Saturday,25 November, 2017
Current issue | Issue 1210, (21 - 27 August 2014)
Saturday,25 November, 2017
Issue 1210, (21 - 27 August 2014)

Ahram Weekly

Tilt towards Russia

Moscow and Cairo are drawing closer over military cooperation. Amirah Ibrahim reports

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Al-Ahram Weekly

A Russian military delegation arrives in Egypt today to resume negotiations over an arms deal that will significantly expand military cooperation between Cairo and Moscow.

President Abdel-Fattah Al-Sisi met President Vladimir Putin on 12 August during his trip to Russia. Following discussions between the two, Putin told a press conference that a comprehensive formula for military cooperation has been reached.

The arms deal was first proposed in November when Russian Foreign Minister Sergei Lavrov and Defence Minister Sergei Shoigu were visiting Cairo. Six months ago Al-Sisi, in his capacity as the then minister of defence, chose Russia as the destination for his first non-Arab official visit. The aim was to diversify Egypt’s military procurement; western media reported that Al-Sisi had inked deals worth $2 billion.

There was no confirmation at the time from either Egyptian or Russian officials. The latest reports suggest the arms deal is worth close to $5 billion, and will be financed by Arab Gulf states.

Vedomosti newspaper cited Russian defence sources as saying that the two sides initialled contracts for the delivery of MiG-29M/M2 Fulcrum fighter jets, air defence missile complexes, Mi-35 helicopters, coastal anti-ship complexes, light weapons and ammunition.

In the wake of the 30 June revolution the US suspended the transfer of some weapons systems to Egypt, making military aid conditional on political reform.

“This paved the way for interim president Adly Mansour and then defence minister Al-Sisi to resuscitate ties with Russia, a move that had strong public support,” says retired General Mahmoud Khalaf, a military consultant and strategic expert at Nasser Military Academy.

Washington has placed the delivery of four F-16s, five Harpoon ship-to-ship missile systems, dozens of M1A1 tank kits slated to be assembled in Egypt, and 10 Apache attack helicopters on indefinite hold.

“Apaches are used by the army in Sinai against armed jihadis supported by Al Qaida. Suspending the delivery of the helicopters, combined with routine maintenance schedules which ground a third of the existing fleet at any one time, pushed the leadership to move towards the Russians,” says Khalaf.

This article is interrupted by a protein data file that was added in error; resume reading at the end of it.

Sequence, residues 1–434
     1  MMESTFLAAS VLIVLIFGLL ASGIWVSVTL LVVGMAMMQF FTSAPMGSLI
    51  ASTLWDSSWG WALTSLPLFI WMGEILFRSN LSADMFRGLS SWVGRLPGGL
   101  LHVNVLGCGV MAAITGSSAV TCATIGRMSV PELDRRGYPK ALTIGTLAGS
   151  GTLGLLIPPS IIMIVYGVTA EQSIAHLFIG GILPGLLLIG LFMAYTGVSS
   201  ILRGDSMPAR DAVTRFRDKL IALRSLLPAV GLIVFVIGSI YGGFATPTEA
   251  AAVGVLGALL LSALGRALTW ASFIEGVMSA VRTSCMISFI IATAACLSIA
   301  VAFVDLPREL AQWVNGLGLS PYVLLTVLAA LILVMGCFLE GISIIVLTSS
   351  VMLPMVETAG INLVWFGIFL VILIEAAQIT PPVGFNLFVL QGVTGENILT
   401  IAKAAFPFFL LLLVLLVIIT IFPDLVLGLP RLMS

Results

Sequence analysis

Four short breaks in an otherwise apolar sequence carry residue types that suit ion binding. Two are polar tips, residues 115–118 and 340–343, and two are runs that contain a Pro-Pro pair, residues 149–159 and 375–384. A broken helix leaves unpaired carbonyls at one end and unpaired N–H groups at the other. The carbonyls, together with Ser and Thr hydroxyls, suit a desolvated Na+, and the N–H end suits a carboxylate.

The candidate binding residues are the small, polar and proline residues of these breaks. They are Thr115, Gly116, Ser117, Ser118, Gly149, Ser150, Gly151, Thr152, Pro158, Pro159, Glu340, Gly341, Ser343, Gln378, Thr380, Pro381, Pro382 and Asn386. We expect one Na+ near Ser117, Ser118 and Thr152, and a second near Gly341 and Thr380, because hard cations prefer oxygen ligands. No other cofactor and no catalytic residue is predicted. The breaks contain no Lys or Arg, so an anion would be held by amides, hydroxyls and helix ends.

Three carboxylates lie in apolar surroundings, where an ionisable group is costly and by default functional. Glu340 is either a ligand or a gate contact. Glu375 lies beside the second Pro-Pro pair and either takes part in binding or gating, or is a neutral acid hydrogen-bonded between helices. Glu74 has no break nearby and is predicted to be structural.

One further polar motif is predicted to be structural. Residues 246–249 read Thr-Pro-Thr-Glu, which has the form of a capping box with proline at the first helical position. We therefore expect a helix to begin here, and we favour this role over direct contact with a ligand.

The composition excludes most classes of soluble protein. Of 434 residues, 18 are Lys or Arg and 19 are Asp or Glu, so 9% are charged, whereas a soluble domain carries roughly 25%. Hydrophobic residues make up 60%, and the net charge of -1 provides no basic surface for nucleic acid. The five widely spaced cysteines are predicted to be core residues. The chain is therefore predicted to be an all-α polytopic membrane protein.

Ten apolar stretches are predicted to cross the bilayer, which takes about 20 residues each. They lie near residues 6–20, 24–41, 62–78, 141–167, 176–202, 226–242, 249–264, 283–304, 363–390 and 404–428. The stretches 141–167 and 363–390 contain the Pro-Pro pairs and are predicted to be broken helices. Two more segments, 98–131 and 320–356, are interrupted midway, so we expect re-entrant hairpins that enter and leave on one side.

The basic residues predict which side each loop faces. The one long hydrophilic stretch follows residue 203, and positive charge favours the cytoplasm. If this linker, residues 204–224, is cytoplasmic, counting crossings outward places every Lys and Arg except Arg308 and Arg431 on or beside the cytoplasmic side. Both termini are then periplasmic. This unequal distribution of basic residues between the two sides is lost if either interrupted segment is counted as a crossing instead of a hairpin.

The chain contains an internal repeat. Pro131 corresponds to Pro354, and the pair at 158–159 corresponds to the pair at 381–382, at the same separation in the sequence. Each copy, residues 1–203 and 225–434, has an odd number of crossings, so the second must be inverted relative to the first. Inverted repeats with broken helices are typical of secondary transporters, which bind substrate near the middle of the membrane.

But what are the potential strategic costs of Egypt’s expected arms deal with Moscow?

Some western observers argue that the shift towards using Russian military equipment will be difficult and costly, necessitating major changes in training and maintenance systems.

“Delivery of the Mi- 35 will not take place until at least three years. It’s only due to come into service in Russia in 2016,” points out Adel Soliman, head of the Middle East Strategic Research Centre.

“That gives time for the employment of the new logistic systems necessary to comply with Russian air defence missile batteries and fighter jets.”

Since the signing of the 1979 Egypt-Israel peace treaty Washington has provided military aid to both Cairo and Tel Aviv. The Congressional Research Service (CRS) estimates that Washington’s annual $1.3 billion military aid to Egypt accounts for 80 per cent of the Egyptian military’s annual procurement budget. Yet media reports reveal that Cairo purchases weapons from America worth more than $4 billion.

Military experts and ex-commanders believe any changeover will be much more smooth than was the case following the 1973 October War when Egypt replaced Russian military systems with American ones.

When completed, the weapons deal with Egypt will be Russia’s first with an Arab country since Moscow lost its multi-billion-dollar arms contract with Libya following the collapse of the Qaddafi regime. Between 2008 and 2011 Russia sold arms to the Middle East worth $8.5 billion, compared to $21.8 billion sold by the US.

While S-300 missiles are high on the Egyptian army’s wish list, MiG 29 fighter jets, Kornet anti-tank weapons, Rostvertol Mi-35 attack helicopters and/or Mi-17 multipurpose helicopters are more likely to be part of the package.

“Egypt already possesses 100 of these aircraft, as well as Mi-8 helicopters which have troop-transport, cargo, signals-intelligence and attack variants, are equipped with 23 mm guns and have the capacity to carry 500-kg bombs and anti-tank guided missiles,” says Khalaf.

He points out Russian helicopters are already in use in Sinai, saying, “Counterterrorism operations are the top priority at the moment and Russian helicopters fit the bill.”

The most significant component of any arms deal between Moscow and Cairo, certainly in the longer term, will be the extent it facilitates the development of a domestic armaments sector.

“The army is seeking to build its own weapons industry and this will be reflected in any joint-ventures between the two countries. Military exchanges and joint tactical manoeuvres and exercise will also be part of the deal,” says Khalaf.

“In addition, Russia is expected to refurbish and update Soviet-era weaponry that has been in service with the Egyptian army for more than four decades.”

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